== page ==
89Zr-leukocyte labelling for cell trafficking: in vitro and preclinical investigations


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Kahts M., Guo H., Kommidi H., Yang Y., Sayman H. B., Summers B., ...More

EJNMMI Radiopharmacy and Chemistry, vol.8, no.1, 2023 (ESCI) identifier identifier

  • Publication Type: Article / Article
  • Volume: 8 Issue: 1
  • Publication Date: 2023
  • Doi Number: 10.1186/s41181-023-00223-1
  • Journal Name: EJNMMI Radiopharmacy and Chemistry
  • Journal Indexes: Emerging Sources Citation Index (ESCI), Scopus
  • Keywords: Cell trafficking, Infection imaging, Inflammation, PET, Zirconium-89
  • Istanbul University Affiliated: Yes

Abstract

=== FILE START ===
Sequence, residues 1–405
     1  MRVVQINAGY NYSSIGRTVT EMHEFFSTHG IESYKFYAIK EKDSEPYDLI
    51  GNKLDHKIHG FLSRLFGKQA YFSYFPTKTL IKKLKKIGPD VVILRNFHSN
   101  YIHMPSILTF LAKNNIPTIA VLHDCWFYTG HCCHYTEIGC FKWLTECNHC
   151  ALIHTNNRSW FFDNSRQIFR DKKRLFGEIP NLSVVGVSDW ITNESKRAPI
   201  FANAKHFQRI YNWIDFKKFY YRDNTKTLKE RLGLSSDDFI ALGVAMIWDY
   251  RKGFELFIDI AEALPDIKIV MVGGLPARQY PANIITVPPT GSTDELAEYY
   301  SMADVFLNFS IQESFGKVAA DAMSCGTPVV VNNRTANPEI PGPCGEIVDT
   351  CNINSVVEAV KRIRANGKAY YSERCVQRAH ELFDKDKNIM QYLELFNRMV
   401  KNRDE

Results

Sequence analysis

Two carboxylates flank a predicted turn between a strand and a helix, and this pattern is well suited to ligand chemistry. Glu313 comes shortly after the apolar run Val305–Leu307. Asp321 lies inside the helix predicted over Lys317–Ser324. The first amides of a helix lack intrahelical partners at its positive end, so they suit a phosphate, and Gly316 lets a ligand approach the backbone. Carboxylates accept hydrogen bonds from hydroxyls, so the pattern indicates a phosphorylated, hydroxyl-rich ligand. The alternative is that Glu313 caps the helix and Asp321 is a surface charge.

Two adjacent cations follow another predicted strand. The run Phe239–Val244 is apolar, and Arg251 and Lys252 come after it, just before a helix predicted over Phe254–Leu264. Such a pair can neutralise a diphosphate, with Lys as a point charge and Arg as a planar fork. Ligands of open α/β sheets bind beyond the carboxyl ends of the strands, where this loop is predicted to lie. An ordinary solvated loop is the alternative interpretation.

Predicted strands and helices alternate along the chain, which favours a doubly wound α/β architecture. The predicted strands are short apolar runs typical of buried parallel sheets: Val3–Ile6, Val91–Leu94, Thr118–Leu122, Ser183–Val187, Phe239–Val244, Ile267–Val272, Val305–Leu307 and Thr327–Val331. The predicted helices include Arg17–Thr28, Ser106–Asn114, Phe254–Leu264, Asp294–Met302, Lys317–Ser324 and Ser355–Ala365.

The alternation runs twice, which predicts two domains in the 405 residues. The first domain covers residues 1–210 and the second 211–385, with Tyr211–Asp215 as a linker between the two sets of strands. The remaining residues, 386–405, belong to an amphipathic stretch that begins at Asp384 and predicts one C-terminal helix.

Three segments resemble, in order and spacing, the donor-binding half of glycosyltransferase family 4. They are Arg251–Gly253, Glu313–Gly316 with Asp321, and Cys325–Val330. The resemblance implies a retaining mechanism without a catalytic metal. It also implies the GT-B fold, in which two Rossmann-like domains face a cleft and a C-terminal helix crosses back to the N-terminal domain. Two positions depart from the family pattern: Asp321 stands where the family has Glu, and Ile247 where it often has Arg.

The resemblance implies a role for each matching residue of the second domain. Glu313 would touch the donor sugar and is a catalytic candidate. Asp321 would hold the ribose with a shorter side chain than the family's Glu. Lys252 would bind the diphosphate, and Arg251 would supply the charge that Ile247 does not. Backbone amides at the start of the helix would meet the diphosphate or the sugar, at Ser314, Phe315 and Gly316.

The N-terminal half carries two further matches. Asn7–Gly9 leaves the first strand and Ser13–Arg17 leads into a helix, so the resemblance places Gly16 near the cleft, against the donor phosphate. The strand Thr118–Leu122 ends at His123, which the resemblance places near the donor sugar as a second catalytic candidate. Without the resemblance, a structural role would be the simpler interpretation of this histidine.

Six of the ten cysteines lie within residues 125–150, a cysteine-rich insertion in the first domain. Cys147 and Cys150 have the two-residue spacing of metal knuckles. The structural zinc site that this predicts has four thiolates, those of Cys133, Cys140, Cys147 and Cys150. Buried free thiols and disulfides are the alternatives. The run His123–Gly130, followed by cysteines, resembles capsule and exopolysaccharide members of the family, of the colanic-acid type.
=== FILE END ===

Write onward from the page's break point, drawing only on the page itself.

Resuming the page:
Background: The non-invasive imaging of leukocyte trafficking to assess inflammatory areas and monitor immunotherapy is currently generating great interest. There is a need to develop more robust cell labelling and imaging approaches to track living cells. Positron emission tomography (PET), a highly sensitive molecular imaging technique, allows precise signals to be produced from radiolabelled moieties. Here, we developed a novel leukocyte labelling approach with the PET radioisotope zirconium-89 (89Zr, half-life of 78.4 h). Experiments were carried out using human leukocytes, freshly isolated from whole human blood. Results: The 89Zr-leukocyte labelling efficiency ranged from 46 to 87% after 30–60 min. Radioactivity concentrations of labelled cells were up to 0.28 MBq/1 million cells. Systemically administered 89Zr-labelled leukocytes produced high-contrast murine PET images at 1 h–5 days post injection. Murine biodistribution data showed that cells primarily distributed to the lung, liver, and spleen at 1 h post injection, and are then gradually trafficked to liver and spleen over 5 days. Histological analysis demonstrated that exogenously 89Zr-labelled human leukocytes were present in the lung, liver, and spleen at 1 h post injection. However, intravenously injected free [89Zr]Zr4+ ion showed retention only in the bone with no radioactivity in the lung at 5 days post injection, which implied good stability of radiolabelled leukocytes in vivo. Conclusions: Our study presents a stable and generic radiolabelling technique to track leukocytes with PET imaging and shows great potential for further applications in inflammatory cell and other types of cell trafficking studies.